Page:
Fig. 5c shows the results of the average HV values for both investigated regions, calculated from the measurements of each position which have been reported in Fig. 5a and b. As one of the highlights of this work, mathematical expressions given by HV = 84.75 + 1.72(taging) − 0.04(taging)2 and HV = 74.5 + 0.98(taging) − 0.03(taging)2 have been proposed, which characterize the HV variation with taging in both matrix and interdendritic regions, respectively. As cab be observed, SEM images by EDS/scan mapping of microindentations have been obtained within the interdendritic regions and are shown in the upper parts of Fig. 5c and d. It is noted the presence in the eutectic mixture of Si particles and block-type Al2Cu intermetallic compounds, which did not dissolve during solution treatment. In addition, it is observed more spheroidized-like Si particles for the heat treated sample at position equal to 5 mm, due to higher cooling rates at this position.

Fig. 5d shows also qualitative and quantitative elemental microanalysis by EDS. It is observed from the result of point 2 that the Cu and Fe amounts present depict the presence of ω-Al7Cu2Fe phase, which does not dissolve during the step of the solution treatment. According to Dons [5], the β-AlFeSi phase becomes the ω phase, presenting a morphology similar to that of Al2Cu. This author has reported that the β-AlFeSi + θ-Al2Cu phases can coexist in as-cast structures and the Si + ω-Al7Cu2Fe phases have been observed in heat treated structures. Cerri et al. [6] have also reported on the presence of an intermediate phase between the β and ω phases, that is, the AlFeSiCu phase has been observed after the solution treatment. In general, it is known that both Si and Fe particles do not dissolve during solution treatment.

In this work a comparative study with results from the literature has been carried out for directional solidified AlSiCu alloys, as shown in Table 1. It is important to inform that the average HV values compared have been considered the closest to the assumed conditions in the present investigation (3 h at 155 ± 2 °C of aging). In addition, the solidification thermal and microstructural parameters have been very close. This is seen that precipitation hardening has occurred for the three analyzed cases. The average HV values obtained equal 87, 80 and 84.5 kg/mm2 are among the minimum and maximum HV values of the 20 measurements (75–98 kg/mm2, respectively) achieved in the present work. Therefore, it is possible to predict that the hardening levels have been the same. It is important to note that the maximum hardening reached in this work has been obtained for HV = 92 kg/mm2 (average between the HV values of both regions) at the aging time equal to 16 h, as seen in Fig. 5c.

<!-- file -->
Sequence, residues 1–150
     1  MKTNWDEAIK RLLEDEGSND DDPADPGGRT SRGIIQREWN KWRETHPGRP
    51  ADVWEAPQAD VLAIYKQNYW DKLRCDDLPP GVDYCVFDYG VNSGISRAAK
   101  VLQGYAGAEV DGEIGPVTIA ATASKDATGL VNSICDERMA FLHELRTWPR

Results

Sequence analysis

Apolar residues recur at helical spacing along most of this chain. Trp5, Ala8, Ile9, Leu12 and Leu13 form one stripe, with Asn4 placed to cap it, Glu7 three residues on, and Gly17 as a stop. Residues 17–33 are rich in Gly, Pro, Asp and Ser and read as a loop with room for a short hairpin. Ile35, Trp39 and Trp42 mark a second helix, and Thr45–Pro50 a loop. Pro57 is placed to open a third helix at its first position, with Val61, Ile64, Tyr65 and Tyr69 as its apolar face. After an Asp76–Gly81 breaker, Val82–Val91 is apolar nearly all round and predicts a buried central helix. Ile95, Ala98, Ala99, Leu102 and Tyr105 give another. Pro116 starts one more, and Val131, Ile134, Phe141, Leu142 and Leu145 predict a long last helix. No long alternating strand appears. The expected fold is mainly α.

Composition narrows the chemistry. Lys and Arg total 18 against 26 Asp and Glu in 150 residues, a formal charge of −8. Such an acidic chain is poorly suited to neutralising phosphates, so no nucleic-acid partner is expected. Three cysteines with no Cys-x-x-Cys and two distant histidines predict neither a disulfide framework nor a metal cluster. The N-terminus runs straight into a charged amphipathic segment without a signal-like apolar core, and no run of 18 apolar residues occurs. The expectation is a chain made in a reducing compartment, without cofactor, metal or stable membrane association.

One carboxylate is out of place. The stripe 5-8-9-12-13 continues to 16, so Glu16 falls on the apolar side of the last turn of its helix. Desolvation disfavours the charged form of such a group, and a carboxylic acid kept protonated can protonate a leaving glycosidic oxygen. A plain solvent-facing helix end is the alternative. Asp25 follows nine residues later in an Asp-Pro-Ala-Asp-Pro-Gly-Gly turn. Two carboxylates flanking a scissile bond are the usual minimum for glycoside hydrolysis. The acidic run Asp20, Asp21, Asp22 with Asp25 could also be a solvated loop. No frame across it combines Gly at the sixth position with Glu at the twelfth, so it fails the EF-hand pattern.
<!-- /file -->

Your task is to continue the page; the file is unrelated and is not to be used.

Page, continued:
Table 1.

Comparison with the literature.

References  Alloy (wt.%)  Solidification growth direction  Solution treatment conditions  Aging treatment conditions  Average of HV
          As-cast samples  Heat treated samples 
[2]  Al3Cu5.5SiUpward  5 and 8 h at 490 ± 2 °C  3 h at 155 ± 2 °C  76 kg/mm2  87 kg/mm2 for 5 h of solution 
[17]  Horizontal  5 and 8 h at 490 ± 2 °C  3 h at 155 ± 2 °C  62 kg/mm2  80 kg/mm2 for 5 h of solution 
This work  Al3Cu7Si  Horizontal  3 h at 495 ± 2 °C  1, 2, 3, 4, 6, 8, 16 and 24 h at 155 ± 2 °C  72 kg/mm2  84.5 kg/mm2 for 3 h of aging 

Considering the results obtained from this investigation, the following conclusions were drawn:

  • (1)

    It has been evidenced that both solidification thermal and microstructural parameters, that is, high and low TR and λ2 values, respectively, positively influenced the solution step during the T6 heat treatment, since spheroidized-like Si particles have been observed on the as-cast and heat treated samples at positions in the ingot closest to the cooled base.

  • (2)

    As expected, hardening of the matrix has been observed with increasing aging time.

  • (3)

    As a highlight, the progressive increase of HV with the ingot position has been noted within the interdendritic regions of both as-cast and heat treated samples. This has been due to the presence of harder particles contained in the eutectic mixture (Si particles + Al2Cu/Fe intermetallic compounds) which, with the increase of λ2, they have found equilibrium conditions more favorable to increase in size and, as a consequence, hardening the interdendritic region.

  • (4)

    Hall–Petch mathematical expressions given by HV = 84.75 + 1.72(taging) − 0.04(taging)2 and HV = 74.5 + 0.98(taging) − 0.03(taging)2 have been proposed to characterize the HV dependence as a function of aging time for both matrix and interdendritic regions.

  • (5)

    The hardening levels achieved in this work have been similar to those reported in the literature for as-cast samples of the same investigated alloys system (AlSiCu) under similar T6 heat treatment conditions.

Conflicts of interest

The authors declare no conflicts of interest.


The authors acknowledge the financial support provided by IFPA — Federal Institute of Education, Science and Technology of Pará, UFPA — Federal University of Pará, and CNPq — The Brazilian Research Council (grants 302846/2017-4 and 400634/2016-3), FAPESPA — Amazon Foundation of Support to Study and Research (grants ICAAF 064/2016) and CAPES — Coordenação de Aperfeiçoamento de Pessoal de Nível Superior - Brasil - Finance Code 001".